It won’t take a journalist-in-training long to understand that social media is very important. The content you produce is the most important thing, of course, but the internet is saturated with gaming media. It’s therefore important for gaming websites to have a social presence, but for individual journalists, too. Poynter reports that Justin McIlroy, the managing editor of Polygon, told them that the video game industry lacks known personalities. Audio and video are infinitely more personal than text, and games journalists should use them to communicate with their audience online.
IGN is an example of a website whose social media presence is clearly working, with around 1.6 million Facebook followers at the time of writing. This is a hefty chunk of its estimated unique monthly visitors of 17.5 million (January-December 2012, eBizMBA). It appears that the number of Facebook followers is 11% of its monthly traffic. The followers on social media are very important, as they are people who are almost guaranteed to visit the site again and again.
However, IGN has it comparatively easy when stood alongside some of the smaller gaming websites that can’t trade off of reputation. In this case, it is important their journalists make themselves known. Twitter is a necessity, and you are certainly the odd one out if you don’t have a presence there. There are visual alternatives that aren’t always considered, such as Instagram, YouTube, Twitch – there are plenty of options out there – which should be also be used.
One of the most famous, if not indeed the most famous, video games journalists is Geoff Keighley, and that’s because he is a broadcast journalist. He’s not just hosted web shows, but has also appeared on American channel Spike TV. Most journalists don’t have Spike as a platform, and some mightn’t even have the confidence to feel like hosting a web show. But guess what? You don’t have to be a broadcast journalist. You just have to be yourself.
Being yourself is the way that you can gain an audience. You do want to promote your articles, of course, but you’re not going to entertain existing fans of works or appear that exciting to people who’ve just stumbled across you by being a PR machine. Indeed, when I attended the ExPlay games conference this November, indie game developer Simon Roth stated that to be yourself on social media – an opinion that carries weight considering image is much more important for someone whose sales are undoubtedly significantly lower than AAA releases.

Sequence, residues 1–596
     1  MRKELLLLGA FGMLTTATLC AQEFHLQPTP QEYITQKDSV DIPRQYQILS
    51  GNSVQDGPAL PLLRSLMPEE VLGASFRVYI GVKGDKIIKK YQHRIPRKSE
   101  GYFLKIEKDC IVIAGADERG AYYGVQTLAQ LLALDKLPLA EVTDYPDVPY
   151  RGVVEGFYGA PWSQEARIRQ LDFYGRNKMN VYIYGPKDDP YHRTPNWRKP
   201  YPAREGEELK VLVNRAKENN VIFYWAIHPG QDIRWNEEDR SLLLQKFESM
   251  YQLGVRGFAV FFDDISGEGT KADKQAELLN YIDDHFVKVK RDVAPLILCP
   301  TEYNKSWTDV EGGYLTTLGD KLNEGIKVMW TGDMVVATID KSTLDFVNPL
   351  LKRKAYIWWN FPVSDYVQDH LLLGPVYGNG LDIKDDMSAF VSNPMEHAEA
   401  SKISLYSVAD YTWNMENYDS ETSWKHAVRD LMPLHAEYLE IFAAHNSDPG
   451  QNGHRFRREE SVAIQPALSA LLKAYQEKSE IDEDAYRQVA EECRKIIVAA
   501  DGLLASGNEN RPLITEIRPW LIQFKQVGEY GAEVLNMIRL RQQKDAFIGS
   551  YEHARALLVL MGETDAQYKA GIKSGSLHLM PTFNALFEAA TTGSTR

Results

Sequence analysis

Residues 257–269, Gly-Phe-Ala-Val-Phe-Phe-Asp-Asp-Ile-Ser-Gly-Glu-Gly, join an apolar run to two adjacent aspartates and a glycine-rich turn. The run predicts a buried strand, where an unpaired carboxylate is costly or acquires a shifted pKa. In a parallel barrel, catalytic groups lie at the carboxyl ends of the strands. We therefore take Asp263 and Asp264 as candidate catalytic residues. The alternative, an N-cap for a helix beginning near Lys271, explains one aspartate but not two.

It could be argued that it’s a waste of time to try to broaden your social media profile. Why get onto YouTube when there are far more successful Vloggers such as Charlie McDonnell? Why get onto Instagram when IGN has less than 30,000 followers of their account (as of 17/12/13)? Well, you’re not in direct competition with Charlie, and IGN is a brand, not an individual. Especially on websites such as Instagram, you have the potential to reach that large percentage of the population who game but don’t consider themselves ‘gamers’.
You will have to do a bit of research to understand genre conventions. For vlogging, you’ll have to be familiar with the jump-cut editing style; on photo-blogging sites, you’ll need to be aware of the use of hashtags; for game streaming, you’ll have to decide on the format of your streams (length, structure, etc.). Take a look at the TotalBiscuit vlog below, which interestingly combines gameplay with unrelated discussion.
Bear in mind that high quality content comes first; there’s a reason why the VGX awards are mocked and Polygon is well respected. Unless a temporary monetary fix is all you want – which isn’t going to happen online – then your content is the most important aspect of your work. Just don’t forget that you have a face and a voice that an audience wants to see and listen to, and that there’s a whole other audience out there that wants to but just doesn’t know it.
UPDATE: You might disagree with my referral to the likes of YouTube and Twitch as visual social media. However, I believe it is appropriate to deem them as such based on your usage of those platforms. If it is about communicating with your audience, not just broadly through a video but through engaging in chat, perhaps even creating video responses to comments and to other videos, then they take on characteristics of social media.